[2105.04553] Self-Supervised Learning with Swin Transformers

Significance

Swin-T + (MoCo + BYOL) = Encouraging result

Keypoints

  • Combine MoCo and BYOL for self-supervised training of Swin Transformers
  • Demonstrate comparable performance of MoBY trained Swin-T in a number of computer vision tasks

Review

Background

Self-supervised learning and the Transformer architecture are very close friends, considering the huge success of BERT in the representation learning of natural language. Transformers in the computer vision field have been gathering interest recently since the introduction of the Vision Transformer (ViT), and many efficient and powerful variants including DeiT and Swin Transformer are being proposed. This paper aims to experiment the capability of Swin Transformer with self-supervised training in the image classification, object detection, instance segmentation, and semantic segmentation tasks. More specifically, the authors combine two well-known self-supervised training framework, MoCo v2 and BYOL, and name the combined framework MoBY by taking the initial two letters from each methods (I personally think it would have been cooler to take the last two letters, naming it CoOL.). The tiny version of Swin Transformer (Swin-T) trained with MoBY demonstrates an encouraging result on downstream computer vision tasks.

Keypoints

Combine MoCo and BYOL for self-supervised training of Swin Transformers

The MoBY inherits the momentum design, the key queue, and the contrastive loss from MoCo v2, and inherits the asymmetric encoders, asymmetric data augmentations, and the momentum scheduler from BYOL. 210511-1 Scheme of the MoBY The online encoder is has two projection heads, and is trained by the optimizer gradient update, while the target encoder is a moving average of the online encoder by momentum update. The contrastive loss $\mathcal{L}_{q}$ is defined between the queries from the online encoder and the queue of keys from the target encoder: \begin{equation} \mathcal{L}_{q} = -\log \frac{\exp(q \cdot k_{+}/\tau)}{\sum^{K}_{i=0}\exp(q\cdot k_{i}/\tau)}, \end{equation} where $k_{+}$ is the target feature for the other view of the same image, $k_{i}$ is a target feature in the key queue, $\tau$ is a temperature hyperparameter, and $K$ is the size of the key queue. The Swin-T is trained in a self-supervised way with MoBY and the performance on computer vision tasks are evaluated.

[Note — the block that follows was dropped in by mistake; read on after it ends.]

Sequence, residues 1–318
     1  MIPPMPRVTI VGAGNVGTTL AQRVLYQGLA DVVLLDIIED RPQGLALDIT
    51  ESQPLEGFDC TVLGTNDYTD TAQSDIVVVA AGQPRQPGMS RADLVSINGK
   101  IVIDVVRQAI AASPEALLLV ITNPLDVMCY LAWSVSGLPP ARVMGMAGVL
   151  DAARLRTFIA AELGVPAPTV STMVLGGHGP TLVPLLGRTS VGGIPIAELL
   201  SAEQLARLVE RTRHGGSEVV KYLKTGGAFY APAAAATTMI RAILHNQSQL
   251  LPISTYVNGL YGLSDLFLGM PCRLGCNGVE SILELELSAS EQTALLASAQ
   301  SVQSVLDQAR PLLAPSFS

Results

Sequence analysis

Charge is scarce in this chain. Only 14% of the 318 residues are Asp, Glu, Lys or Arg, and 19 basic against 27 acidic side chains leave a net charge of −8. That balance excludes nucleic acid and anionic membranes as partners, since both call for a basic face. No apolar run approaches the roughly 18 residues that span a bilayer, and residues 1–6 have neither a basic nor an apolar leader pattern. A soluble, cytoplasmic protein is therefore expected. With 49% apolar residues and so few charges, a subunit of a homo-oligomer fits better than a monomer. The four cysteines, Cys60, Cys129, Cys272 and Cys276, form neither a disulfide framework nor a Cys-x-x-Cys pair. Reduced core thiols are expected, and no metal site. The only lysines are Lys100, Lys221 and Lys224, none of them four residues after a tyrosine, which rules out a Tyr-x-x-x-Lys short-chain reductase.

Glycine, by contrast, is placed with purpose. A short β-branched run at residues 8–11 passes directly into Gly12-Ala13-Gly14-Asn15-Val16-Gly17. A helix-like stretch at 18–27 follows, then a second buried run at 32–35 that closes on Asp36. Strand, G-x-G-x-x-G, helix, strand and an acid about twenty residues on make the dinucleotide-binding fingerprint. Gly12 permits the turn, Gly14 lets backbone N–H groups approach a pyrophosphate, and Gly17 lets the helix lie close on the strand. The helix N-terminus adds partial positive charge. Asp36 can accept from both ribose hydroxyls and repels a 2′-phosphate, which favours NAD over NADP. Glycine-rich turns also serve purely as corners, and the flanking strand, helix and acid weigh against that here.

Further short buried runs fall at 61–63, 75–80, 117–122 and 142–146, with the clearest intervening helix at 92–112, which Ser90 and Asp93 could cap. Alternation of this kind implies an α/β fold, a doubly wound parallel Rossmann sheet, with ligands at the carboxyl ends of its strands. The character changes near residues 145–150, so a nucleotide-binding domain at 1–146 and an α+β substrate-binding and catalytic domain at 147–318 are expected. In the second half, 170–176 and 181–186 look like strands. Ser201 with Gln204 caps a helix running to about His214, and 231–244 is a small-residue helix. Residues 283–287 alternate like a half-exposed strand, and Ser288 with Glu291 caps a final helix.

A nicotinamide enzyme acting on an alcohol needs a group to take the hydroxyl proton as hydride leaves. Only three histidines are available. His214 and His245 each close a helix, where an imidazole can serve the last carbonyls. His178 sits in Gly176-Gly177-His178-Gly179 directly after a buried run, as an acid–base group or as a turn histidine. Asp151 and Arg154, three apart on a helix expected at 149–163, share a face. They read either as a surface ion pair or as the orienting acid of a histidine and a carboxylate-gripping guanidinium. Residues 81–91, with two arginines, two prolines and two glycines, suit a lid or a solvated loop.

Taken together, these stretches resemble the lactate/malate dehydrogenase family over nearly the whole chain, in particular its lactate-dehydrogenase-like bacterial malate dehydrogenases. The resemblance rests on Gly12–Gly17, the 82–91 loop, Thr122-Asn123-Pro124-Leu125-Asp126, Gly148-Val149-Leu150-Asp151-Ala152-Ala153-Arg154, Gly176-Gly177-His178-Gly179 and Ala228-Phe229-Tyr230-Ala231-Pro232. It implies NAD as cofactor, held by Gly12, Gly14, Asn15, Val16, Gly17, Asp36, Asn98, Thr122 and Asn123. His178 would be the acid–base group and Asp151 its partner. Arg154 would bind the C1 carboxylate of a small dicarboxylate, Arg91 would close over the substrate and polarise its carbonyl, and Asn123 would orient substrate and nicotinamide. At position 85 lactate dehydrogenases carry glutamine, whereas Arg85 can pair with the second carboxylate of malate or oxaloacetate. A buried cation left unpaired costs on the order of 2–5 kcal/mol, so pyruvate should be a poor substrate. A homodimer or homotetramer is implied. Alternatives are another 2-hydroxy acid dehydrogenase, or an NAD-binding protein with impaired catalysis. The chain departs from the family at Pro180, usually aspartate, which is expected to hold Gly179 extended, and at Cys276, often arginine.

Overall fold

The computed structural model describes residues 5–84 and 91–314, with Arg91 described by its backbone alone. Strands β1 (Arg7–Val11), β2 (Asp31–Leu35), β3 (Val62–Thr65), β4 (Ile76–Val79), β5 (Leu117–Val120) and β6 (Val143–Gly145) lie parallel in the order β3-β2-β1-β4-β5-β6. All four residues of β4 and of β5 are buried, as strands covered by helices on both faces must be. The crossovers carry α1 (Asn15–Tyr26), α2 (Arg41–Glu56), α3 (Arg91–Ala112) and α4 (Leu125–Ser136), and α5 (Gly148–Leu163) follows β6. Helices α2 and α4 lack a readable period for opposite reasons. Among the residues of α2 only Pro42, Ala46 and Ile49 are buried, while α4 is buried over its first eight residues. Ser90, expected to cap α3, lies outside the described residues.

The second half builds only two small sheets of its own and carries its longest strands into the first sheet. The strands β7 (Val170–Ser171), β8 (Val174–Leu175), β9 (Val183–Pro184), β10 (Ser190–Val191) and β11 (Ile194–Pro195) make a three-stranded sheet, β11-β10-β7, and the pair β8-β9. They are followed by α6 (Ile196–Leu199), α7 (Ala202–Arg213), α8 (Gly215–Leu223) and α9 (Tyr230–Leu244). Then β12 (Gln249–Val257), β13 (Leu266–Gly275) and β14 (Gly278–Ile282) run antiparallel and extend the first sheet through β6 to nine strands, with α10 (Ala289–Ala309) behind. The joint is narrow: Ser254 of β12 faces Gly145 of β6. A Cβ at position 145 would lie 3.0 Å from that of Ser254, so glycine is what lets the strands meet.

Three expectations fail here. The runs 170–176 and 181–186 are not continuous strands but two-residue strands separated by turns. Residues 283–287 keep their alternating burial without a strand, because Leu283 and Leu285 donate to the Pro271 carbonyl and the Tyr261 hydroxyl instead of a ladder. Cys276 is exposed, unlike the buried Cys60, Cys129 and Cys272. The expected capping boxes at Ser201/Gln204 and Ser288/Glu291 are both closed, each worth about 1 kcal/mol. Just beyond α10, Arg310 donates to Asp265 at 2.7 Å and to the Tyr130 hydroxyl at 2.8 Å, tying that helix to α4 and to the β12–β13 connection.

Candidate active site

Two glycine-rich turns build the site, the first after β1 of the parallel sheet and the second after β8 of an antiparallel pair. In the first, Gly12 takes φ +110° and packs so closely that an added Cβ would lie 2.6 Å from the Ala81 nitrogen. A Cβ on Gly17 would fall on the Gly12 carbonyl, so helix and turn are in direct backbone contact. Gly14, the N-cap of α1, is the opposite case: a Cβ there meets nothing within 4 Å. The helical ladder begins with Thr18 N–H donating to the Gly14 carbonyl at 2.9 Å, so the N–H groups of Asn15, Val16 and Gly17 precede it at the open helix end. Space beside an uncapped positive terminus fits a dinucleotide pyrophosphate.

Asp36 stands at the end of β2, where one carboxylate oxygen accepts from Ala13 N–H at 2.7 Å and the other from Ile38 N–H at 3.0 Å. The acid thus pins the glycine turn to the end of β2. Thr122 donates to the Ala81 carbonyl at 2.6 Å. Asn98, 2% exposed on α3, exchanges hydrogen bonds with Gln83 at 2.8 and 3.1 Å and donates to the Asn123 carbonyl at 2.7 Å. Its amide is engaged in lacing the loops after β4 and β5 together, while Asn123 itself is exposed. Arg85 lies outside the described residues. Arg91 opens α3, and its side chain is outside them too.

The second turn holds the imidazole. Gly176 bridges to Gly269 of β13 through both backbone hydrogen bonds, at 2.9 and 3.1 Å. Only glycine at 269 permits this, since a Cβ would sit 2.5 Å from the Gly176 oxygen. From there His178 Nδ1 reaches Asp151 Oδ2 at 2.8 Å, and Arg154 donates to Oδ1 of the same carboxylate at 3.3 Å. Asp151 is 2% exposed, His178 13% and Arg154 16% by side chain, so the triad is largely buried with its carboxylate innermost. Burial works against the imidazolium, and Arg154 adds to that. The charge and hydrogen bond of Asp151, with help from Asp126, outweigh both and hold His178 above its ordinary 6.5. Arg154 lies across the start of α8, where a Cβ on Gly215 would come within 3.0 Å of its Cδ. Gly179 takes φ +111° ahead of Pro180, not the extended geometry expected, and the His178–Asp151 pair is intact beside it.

Demonstrate comparable performance of MoBY trained Swin-T in a number of computer vision tasks

The Swin-T trained with MoBY is compared with DeiT-S and other training schemes (Supervised, MoCo v3, DINO). Linear mapping classification performance on ImageNet-1k to evaluate the learnt representation is first demonstrated. 210511-2 Comparative experiment of the MoBY trained Swin-T The results suggest that MoBY achieves slightly better performance than MoCo v3 and DINO without multi-crop. The authors also note that MoBY does not rely on heavy tricks, such as fixed patch embedding, batch norm before MLP, asymmetric/warmed-up temperature, fixing of last layer weights, etc.

Transferring the learnt representation to downstream tasks are further experimented. Downstream object detection and instance segmentation are tested with the COCO dataset. The MoBY learnt representation are capable of performing similarly well on the object detection and instance segmentation tasks when compared to supervised training. 210511-3 Object detection and instance segmentation results on COCO dataset Semantic segmentation on the ADE20K dataset also indicate similar, but slightly worse performance of MoBY trained Swin-T when compared to supervised traning results. 210511-4 Semantic segmentation result on ADE20K dataset

Ablation study results are referred to the original paper.

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